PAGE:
Useful accessories for riding a bicycle trainer

The temperature is dipping below 50 degrees. The sun goes down before 5:00. Let’s face it: it’s time to move the ride indoors. For those of us that want to keep up our cycling fitness, we find it necessary to resort to our basements and spend the non-snowing days riding our bikes (once the snow comes, I’m taking to the snowshoes and the skis).

I ride a bicycle trainer in the winter to keep my cycling fitness up. This ingenious device keeps me pedaling my bike in the winter without worrying about slipping and sliding on icy roads (or watching other vehicles potentially slip and slide into me on those same roads). Just to be clear, though, I am not condemning riding in snow, it’s just not my thing (yet). Let’s face it, though, riding on the trainer can seem more like a chore.

So what keeps me motivated to ride in my basement all winter long? Simply put, when I get back on the road in spring, I’m ready. Even more, I want to keep getting stronger so I can keep up with the stronger riders on group rides.

I’ve been riding on a trainer since the winter after I got my first hybrid bike a few years ago. In that time, I’ve played around with things that do and don’t work for me.

Before you hop on the trainer, though, there are a number of things you need to make the ride bearable. As I stated, riding a trainer alone is very boring. But there are tools that make it more bearable. In addition to a bike and a trainer, here is my list of things that will enhance the experience of riding on the trainer and why they work for me.


When you work out, you get really warm and start sweating. It’s no different on the bike. But when you’re riding outside, the movement on your bike helps keep you cool. You don’t have that movement when the bike is stationary, though. A fan cools you down, making it much more comfortable on the bike.


As I mentioned, riding on the trainer gets you sweating. A towel is useful for wiping sweat from your face, especially when it can drip into your eyes.

Sweat catcher

If you’re working especially hard on the bike, a towel is often not enough to keep sweat off the bike. A sweat catcher, like the CycleOps Bike Thong, is very effective at keeping the sweat off, which can be corrosive to the bike (remember that sweat includes salt).

Trainer skewer (axle)

This comes with your trainer. Using this skewer prevents damage to your bike’s regular skewer, which could be damaged from being clamped down in a trainer. Swapping them is easy, so take the extra 10 seconds to do it.

Climbing block

The big advantage of using a climbing block is to stabilize the front wheel and put it close to the same level as the rear wheel. As an added bonus, climbing blocks can help elevate the front of your bike to allow you to work different muscles, similar to how different portions of your body are engaged when climbing. I once tried a phone book in place of a climbing block; my front wheel slipped way too much, so I consider it dangerous and would never recommend it.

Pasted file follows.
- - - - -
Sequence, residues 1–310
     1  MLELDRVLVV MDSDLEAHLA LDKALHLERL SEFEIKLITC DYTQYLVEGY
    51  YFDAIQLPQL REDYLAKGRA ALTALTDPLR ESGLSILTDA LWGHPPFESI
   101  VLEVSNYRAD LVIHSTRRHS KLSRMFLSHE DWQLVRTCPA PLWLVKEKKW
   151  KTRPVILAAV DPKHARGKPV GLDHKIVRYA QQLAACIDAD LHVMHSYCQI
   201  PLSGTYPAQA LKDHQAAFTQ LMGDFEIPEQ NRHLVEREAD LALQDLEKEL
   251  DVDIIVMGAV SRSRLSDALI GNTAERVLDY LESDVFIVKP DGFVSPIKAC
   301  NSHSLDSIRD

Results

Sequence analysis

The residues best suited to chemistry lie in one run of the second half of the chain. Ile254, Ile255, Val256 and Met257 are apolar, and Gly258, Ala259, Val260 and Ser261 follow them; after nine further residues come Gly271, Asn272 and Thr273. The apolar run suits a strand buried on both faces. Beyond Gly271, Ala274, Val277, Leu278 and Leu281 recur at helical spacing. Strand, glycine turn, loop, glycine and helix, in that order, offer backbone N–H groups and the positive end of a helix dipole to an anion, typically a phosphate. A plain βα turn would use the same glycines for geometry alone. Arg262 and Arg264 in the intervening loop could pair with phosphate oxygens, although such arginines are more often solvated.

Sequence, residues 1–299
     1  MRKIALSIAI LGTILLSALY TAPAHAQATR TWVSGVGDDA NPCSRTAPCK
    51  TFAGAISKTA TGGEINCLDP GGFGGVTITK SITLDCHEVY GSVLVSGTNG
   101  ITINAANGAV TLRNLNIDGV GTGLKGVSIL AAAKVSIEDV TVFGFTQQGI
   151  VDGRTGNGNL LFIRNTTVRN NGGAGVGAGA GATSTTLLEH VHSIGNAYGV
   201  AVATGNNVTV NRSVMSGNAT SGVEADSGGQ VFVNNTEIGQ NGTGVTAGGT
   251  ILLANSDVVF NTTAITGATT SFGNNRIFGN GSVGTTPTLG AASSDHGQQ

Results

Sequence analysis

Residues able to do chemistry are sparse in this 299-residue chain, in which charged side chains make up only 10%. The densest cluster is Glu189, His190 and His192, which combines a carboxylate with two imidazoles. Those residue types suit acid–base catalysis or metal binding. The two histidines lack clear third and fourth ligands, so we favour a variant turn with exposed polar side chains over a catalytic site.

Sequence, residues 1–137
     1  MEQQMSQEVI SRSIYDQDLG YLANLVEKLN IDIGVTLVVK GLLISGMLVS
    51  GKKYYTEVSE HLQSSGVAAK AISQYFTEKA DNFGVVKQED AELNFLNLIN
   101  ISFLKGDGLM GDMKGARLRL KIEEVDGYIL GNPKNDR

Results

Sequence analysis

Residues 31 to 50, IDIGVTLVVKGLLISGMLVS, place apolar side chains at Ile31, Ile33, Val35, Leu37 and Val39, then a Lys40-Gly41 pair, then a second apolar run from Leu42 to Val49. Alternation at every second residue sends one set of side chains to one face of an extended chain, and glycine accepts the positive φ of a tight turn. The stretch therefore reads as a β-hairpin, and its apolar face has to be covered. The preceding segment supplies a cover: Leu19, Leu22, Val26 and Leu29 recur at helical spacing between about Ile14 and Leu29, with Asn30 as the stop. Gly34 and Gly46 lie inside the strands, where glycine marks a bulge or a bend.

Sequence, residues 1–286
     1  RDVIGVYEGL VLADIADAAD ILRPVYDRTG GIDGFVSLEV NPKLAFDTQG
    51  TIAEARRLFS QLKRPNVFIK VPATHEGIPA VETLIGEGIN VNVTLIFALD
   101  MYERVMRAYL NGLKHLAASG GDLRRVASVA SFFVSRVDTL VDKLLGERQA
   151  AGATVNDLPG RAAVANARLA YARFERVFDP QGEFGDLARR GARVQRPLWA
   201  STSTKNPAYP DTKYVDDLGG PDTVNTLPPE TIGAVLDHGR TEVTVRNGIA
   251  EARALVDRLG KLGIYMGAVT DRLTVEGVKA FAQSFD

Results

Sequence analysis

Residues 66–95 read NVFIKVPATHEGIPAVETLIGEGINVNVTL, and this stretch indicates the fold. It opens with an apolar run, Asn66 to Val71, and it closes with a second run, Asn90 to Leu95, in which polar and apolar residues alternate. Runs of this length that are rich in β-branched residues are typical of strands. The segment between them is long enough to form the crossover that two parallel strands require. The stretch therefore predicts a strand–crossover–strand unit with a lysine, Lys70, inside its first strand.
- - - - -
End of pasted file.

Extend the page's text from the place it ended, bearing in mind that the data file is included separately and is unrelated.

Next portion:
Trainer mat

These rubberized mats serve two purposes. The first is that it keeps sweat and other items (as one friend admitted, sports drinks) from ruining your floor. Second, it dampens the noise from your bike and trainer. There is a third advantage as well: when riding on a higher pile carpet, it helps keep your bike stable.

Cycling computer with rear-wheel sensor

This one is optional, but a cycling computer is really useful if you’re trying to maintain a certain cadence or are working towards a speed-specific goal. I especially prefer ones that include heart rate. Some people even use power; I don’t, yet.


Any time you work out, you should always have water available. You will get thirsty on the trainer, so replacing fluids is absolutely critical. One good option is to include an electrolyte drink, especially if you’re riding longer than an hour.

Trainer-specific tire

Tires wear out after normal use. They also wear out on a trainer. A trainer-specific tire is really useful because it lasts much longer when pressed against the trainer’s roller. Also, they are much quieter than regular road tires. If you are changing the tire yourself, invest in a really good tire jack.

Cycling (padded) shorts

If you’re going to spend any amount of time on the trainer, you’re going to want to wear cycling shorts. When riding a trainer, you probably will spend less time out of the saddle, so the padding makes it that much more comfortable.

Cycling cap

I prefer wearing a cycling cap because it captures more of my sweat, meaning I reach less for the towel. A sweatband also works.

Music or DVDs

These really help take the edge off. I used to ride only to music, but I found it didn’t push me enough. Lately, I started using the RealRides DVDs with Robbie Ventura. The Power DVD truly motivates me and keeps me pushing hard when I need it, with the proper structure for effective intervals and really ramping up the intensity. If you’re starting off on the bike, you may find the Ride 101 especially useful, which has a lot more information about riding safely and effectively. There are other options out there as well, so the trick is to find what works to keep you motivated.

There are a lot of things to consider when starting to ride on a trainer. All of the things listed above make it so much more worthwhile, though. After riding for three years on the trainer, I’ve found what works well for me. I’m curious to hear what works for you. Or feel free to ask questions. Happy riding, and I’ll see you on the roads in spring.

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